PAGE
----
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Multilingual handbooks distributed to help Thai medics assist foreign accident victims


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Multilingual handbooks distributed to help medics assist foreign accident victims
By The Nation

 

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BANGKOK: -- The National Institute for Emergency Medicine (NIEMS) has produced a handbook detailing patient symptoms in English, Chinese, Japanese, Burmese and Malay to smooth communications and patient referrals from accident scenes to hospitals.

 

The handbook was distributed along with language experts’ guidelines at a workshop on communication at the scene of accidents and emergencies held on Sunday as part of the 11th National Conference of Emergency Medicine at IMPACT Muangthong Thani. 

 

NIEMS secretary-general Dr Atchariya Pangma said Thailand’s status as a popular tourist destination and a member of the Asean Economic Community (AEC) had led to a large number of foreigners visiting or working in the country and it was important to be able to communicate in emergency situations.

 

One speaker, Dr Waris Kupkanchanakul from Krabi Hospital, said Krabi often had issues with language barriers especially with Chinese tourists who often could not communicate in English.

 

The handbook would be useful for paramedics arriving at the scene to get essential information about a victim’s condition to provide information to hospitals.

 

The languages were decided upon after a NIEMS’s survey of the top five languages used by foreign visitors, he said. The handbook would hopefully enable medics to communicate with victims faster and more accurately, Waris said.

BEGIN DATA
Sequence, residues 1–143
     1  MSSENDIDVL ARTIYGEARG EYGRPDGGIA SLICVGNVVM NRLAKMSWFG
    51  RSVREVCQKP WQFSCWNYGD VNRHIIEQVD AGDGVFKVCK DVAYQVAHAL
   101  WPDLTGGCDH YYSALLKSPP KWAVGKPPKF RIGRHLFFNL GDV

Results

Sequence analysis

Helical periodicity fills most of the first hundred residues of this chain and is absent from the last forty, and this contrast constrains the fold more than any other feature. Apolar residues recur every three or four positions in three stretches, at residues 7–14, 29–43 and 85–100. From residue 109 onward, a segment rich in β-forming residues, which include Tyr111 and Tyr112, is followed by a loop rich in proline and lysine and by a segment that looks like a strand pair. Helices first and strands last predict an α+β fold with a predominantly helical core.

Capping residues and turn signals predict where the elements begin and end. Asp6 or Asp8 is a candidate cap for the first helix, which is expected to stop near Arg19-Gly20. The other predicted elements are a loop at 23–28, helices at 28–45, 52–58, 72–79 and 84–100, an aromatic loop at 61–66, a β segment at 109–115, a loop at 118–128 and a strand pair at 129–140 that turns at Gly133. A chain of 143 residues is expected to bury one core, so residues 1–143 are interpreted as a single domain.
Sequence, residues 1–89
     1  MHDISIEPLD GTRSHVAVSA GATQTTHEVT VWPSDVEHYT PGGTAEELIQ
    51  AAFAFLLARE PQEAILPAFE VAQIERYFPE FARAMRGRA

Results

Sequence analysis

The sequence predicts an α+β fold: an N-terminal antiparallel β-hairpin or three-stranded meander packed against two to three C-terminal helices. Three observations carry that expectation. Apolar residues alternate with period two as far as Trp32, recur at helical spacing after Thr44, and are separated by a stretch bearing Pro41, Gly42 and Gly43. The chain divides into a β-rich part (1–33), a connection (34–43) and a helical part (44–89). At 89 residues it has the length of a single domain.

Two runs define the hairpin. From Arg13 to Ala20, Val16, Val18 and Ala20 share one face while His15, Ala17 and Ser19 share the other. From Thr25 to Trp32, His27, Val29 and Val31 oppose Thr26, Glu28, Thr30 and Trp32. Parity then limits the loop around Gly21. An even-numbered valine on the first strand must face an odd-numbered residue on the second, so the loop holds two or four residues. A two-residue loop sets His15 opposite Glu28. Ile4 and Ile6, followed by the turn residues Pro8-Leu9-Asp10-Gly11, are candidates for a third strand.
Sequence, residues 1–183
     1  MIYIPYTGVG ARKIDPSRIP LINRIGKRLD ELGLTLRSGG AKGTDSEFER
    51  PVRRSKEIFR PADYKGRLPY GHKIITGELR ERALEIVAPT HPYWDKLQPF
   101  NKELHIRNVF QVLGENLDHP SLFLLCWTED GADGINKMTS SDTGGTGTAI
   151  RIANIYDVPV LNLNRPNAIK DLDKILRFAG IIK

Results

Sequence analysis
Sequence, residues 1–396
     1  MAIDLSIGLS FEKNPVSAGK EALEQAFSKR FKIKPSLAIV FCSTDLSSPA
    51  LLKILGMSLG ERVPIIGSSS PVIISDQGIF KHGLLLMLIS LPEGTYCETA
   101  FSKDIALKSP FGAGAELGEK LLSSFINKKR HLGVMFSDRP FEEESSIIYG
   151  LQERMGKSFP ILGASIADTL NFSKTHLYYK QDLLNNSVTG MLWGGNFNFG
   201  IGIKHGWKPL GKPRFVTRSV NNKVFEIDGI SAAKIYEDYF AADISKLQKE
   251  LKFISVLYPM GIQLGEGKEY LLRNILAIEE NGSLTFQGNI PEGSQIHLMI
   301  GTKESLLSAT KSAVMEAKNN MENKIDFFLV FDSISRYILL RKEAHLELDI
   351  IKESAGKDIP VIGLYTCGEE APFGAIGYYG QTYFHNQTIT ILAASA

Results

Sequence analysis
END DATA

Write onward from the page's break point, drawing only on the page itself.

In the past, medics used Google Translate to help in communicating with patients but the service sometimes yielded inaccurate translations, Waris added.

 

The NIEMS will distribute copies of the handbook to medic teams in key tourist areas as well as at hotels. In the future, the NIEMS will produce more handbooks in other languages such as Russian, Lao and Cambodian, Waris said.

 

Source: http://www.nationmultimedia.com/news/national/30315871

 
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-- © Copyright The Nation 2017-05-22

 

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Sounds like a good idea.

But 3 months ago, when I fell and broke my left arm here in Bangkok, the nurses and the doctors at the hospital I went to showed a relatively good command of basic English.

That includes the ambulance crew that took me to the hospital.

I understand that this may not be true outside of Bangkok, however.

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4 hours ago, IMA_FARANG said:

I understand that this may not be true outside of Bangkok, however.

Where I live, countryside, better to speak Thai, don't expect nurses and doctor speak English

 

this book is a good idea, English is not much spoken outside farangplaces 

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... and the front cover carries yet another abuse of the Protected Enblem if the International Committee of Red Cross and Red Crescent Societies... when will The Thai Red Cross ever get off its butt and attempt to fulfill its most basic duty???

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4 hours ago, IMA_FARANG said:

Sounds like a good idea.

But 3 months ago, when I fell and broke my left arm here in Bangkok, the nurses and the doctors at the hospital I went to showed a relatively good command of basic English.

That includes the ambulance crew that took me to the hospital.

I understand that this may not be true outside of Bangkok, however.

most nurses speak some English, during my 7 months in hospital i never had a problem being understood by the nurses.

All doctors in Thailand have to be able to speak English, it is part of their training to learn English.

Before other members have a go at me for that, i was told this by a very experienced surgeon in Khonkaen hospital.

I spoke to him about junior doctors not conversing with me, and he said it was shyness on their part, not speaking English, you cannot get a job as a doctor here if you cannot speak English.

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6 hours ago, Luckysilk said:

I thought there'd be more but it looks like this is it :(

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To be honest this probably just about covers the basic information needs for EM purpose.

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